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U.S. Supreme Court refuses AFBF’s request to review the National Cotton case

March 1, 2010

The U.S. Supreme Court last week denied AFBF’s request for review of the Sixth Circuit Court of Appeals decision in National Cotton Council v. EPA.

The decision deals a blow to production agriculture and could set the stage for a cumbersome permitting process or legal challenges that would force farmers to obtain an National Pollution Discharge Elimination System (NPDES) permit before applying any pesticide. 

In its ruling, the Sixth Circuit held that many pesticide applications to or over “waters of the United States” will require a NPDES permit under the Clean Water Act, a view that overturns over 30 years of law. 

In its petition for certiorari, AFBF informed the court not only of the serious legal flaws in the Sixth Circuit’s ruling, but also the devastating impact of this unprecedented imposition of highly restrictive NPDES permit requirements on beneficial pesticide use. 

Farmers rely on the availability and effectiveness of crop protection methods to stop the spread of diseases and other pests that can devastate a field within days.  Congress plainly intended that agricultural pesticide use be shielded from costly and time-consuming federal permit requirements. 

Although the Cotton Council decision did not directly concern the use of pesticides on crops, the ruling will generate tremendous uncertainty and litigation risk that may seriously impair the ability of our nations’ farmers to grow, tend and harvest their crops.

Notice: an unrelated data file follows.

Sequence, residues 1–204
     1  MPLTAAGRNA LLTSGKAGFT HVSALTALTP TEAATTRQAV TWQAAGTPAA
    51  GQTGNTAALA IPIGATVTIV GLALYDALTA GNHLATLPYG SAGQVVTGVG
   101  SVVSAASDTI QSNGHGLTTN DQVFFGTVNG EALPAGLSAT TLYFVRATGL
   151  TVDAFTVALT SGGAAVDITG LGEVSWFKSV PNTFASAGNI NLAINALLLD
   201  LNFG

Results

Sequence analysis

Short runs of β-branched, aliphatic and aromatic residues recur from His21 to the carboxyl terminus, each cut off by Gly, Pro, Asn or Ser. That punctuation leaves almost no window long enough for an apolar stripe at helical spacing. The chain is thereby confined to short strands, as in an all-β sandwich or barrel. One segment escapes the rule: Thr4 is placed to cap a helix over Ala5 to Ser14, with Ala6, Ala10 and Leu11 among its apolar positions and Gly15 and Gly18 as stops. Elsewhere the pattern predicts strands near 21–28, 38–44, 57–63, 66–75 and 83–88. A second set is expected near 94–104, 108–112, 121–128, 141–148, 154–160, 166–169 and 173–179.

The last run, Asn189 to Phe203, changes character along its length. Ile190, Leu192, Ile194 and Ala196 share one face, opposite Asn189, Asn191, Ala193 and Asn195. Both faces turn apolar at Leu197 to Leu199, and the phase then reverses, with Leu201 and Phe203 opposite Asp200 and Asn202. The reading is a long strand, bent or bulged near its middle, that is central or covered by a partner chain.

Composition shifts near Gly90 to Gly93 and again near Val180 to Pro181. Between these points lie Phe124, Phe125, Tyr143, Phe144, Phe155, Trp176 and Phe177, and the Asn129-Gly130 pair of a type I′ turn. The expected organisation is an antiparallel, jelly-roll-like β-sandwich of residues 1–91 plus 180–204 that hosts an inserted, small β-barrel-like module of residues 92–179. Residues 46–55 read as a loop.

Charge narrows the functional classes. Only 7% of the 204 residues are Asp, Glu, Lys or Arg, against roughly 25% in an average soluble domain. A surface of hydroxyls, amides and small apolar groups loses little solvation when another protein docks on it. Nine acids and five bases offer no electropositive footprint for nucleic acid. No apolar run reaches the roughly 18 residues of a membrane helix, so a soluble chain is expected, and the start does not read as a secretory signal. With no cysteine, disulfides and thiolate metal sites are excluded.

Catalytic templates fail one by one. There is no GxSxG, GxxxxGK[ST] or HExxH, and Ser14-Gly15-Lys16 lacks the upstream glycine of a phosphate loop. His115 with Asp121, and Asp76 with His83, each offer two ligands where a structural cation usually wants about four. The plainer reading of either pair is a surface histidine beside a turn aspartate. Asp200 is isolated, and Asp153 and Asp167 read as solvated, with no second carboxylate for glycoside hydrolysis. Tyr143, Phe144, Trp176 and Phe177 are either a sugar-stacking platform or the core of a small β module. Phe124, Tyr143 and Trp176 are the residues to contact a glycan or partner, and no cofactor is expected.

EPA agricultural liaison Larry Elworth told Illinois Farm Bureau leaders last fall that the EPA permit would be narrowly written to cover pesticide applications for mosquito and insect abatement in, near, and over water.

EPA successfully obtained a court order delaying the effective date of the Sixth Circuit’s ruling until April 11, 2011.  Meanwhile, EPA is in the process of developing an NPDES “general” permit for use in several states, while roughly 45 states will have to develop their own NPDES permits for pesticide use. 

Because of the threat to farmers caused by this legal uncertainty, AFBF is examining the possibility of asking  Congress to clarify that lawful pesticide applications are regulated under pesticide laws and not the Clean Water Act.

To comment on the EPA’s proposed spray drift regulations, click here.

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